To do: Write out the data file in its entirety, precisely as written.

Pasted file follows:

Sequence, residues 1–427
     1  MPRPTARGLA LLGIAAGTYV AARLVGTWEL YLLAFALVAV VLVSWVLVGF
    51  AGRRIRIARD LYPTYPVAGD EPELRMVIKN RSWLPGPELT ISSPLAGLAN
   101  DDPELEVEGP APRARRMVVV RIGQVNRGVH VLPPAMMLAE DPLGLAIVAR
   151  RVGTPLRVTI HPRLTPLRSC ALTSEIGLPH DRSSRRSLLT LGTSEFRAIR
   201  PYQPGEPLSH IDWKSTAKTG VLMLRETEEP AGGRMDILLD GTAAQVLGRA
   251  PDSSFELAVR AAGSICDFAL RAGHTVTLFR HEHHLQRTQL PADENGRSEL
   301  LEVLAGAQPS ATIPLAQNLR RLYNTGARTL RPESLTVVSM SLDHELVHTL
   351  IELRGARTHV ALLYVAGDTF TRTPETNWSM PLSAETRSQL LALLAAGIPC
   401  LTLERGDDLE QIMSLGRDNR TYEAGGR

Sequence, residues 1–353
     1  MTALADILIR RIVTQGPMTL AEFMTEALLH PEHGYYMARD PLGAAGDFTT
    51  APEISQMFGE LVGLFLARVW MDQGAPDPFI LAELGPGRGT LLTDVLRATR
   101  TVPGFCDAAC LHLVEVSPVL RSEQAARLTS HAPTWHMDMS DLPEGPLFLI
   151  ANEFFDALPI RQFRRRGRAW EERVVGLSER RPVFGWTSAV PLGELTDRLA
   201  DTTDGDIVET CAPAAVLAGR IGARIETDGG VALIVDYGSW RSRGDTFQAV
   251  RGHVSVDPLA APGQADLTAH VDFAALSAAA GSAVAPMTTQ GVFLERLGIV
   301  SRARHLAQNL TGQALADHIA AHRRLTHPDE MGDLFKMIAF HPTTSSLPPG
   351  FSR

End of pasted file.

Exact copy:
Sequence, residues 1–427
     1  MPRPTARGLA LLGIAAGTYV AARLVGTWEL YLLAFALVAV VLVSWVLVGF
    51  AGRRIRIARD LYPTYPVAGD EPELRMVIKN RSWLPGPELT ISSPLAGLAN
   101  DDPELEVEGP APRARRMVVV RIGQVNRGVH VLPPAMMLAE DPLGLAIVAR
   151  RVGTPLRVTI HPRLTPLRSC ALTSEIGLPH DRSSRRSLLT LGTSEFRAIR
   201  PYQPGEPLSH IDWKSTAKTG VLMLRETEEP AGGRMDILLD GTAAQVLGRA
   251  PDSSFELAVR AAGSICDFAL RAGHTVTLFR HEHHLQRTQL PADENGRSEL
   301  LEVLAGAQPS ATIPLAQNLR RLYNTGARTL RPESLTVVSM SLDHELVHTL
   351  IELRGARTHV ALLYVAGDTF TRTPETNWSM PLSAETRSQL LALLAAGIPC
   401  LTLERGDDLE QIMSLGRDNR TYEAGGR

Sequence, residues 1–353
     1  MTALADILIR RIVTQGPMTL AEFMTEALLH PEHGYYMARD PLGAAGDFTT
    51  APEISQMFGE LVGLFLARVW MDQGAPDPFI LAELGPGRGT LLTDVLRATR
   101  TVPGFCDAAC LHLVEVSPVL RSEQAARLTS HAPTWHMDMS DLPEGPLFLI
   151  ANEFFDALPI RQFRRRGRAW EERVVGLSER RPVFGWTSAV PLGELTDRLA
   201  DTTDGDIVET CAPAAVLAGR IGARIETDGG VALIVDYGSW RSRGDTFQAV
   251  RGHVSVDPLA APGQADLTAH VDFAALSAAA GSAVAPMTTQ GVFLERLGIV
   301  SRARHLAQNL TGQALADHIA AHRRLTHPDE MGDLFKMIAF HPTTSSLPPG
   351  FSR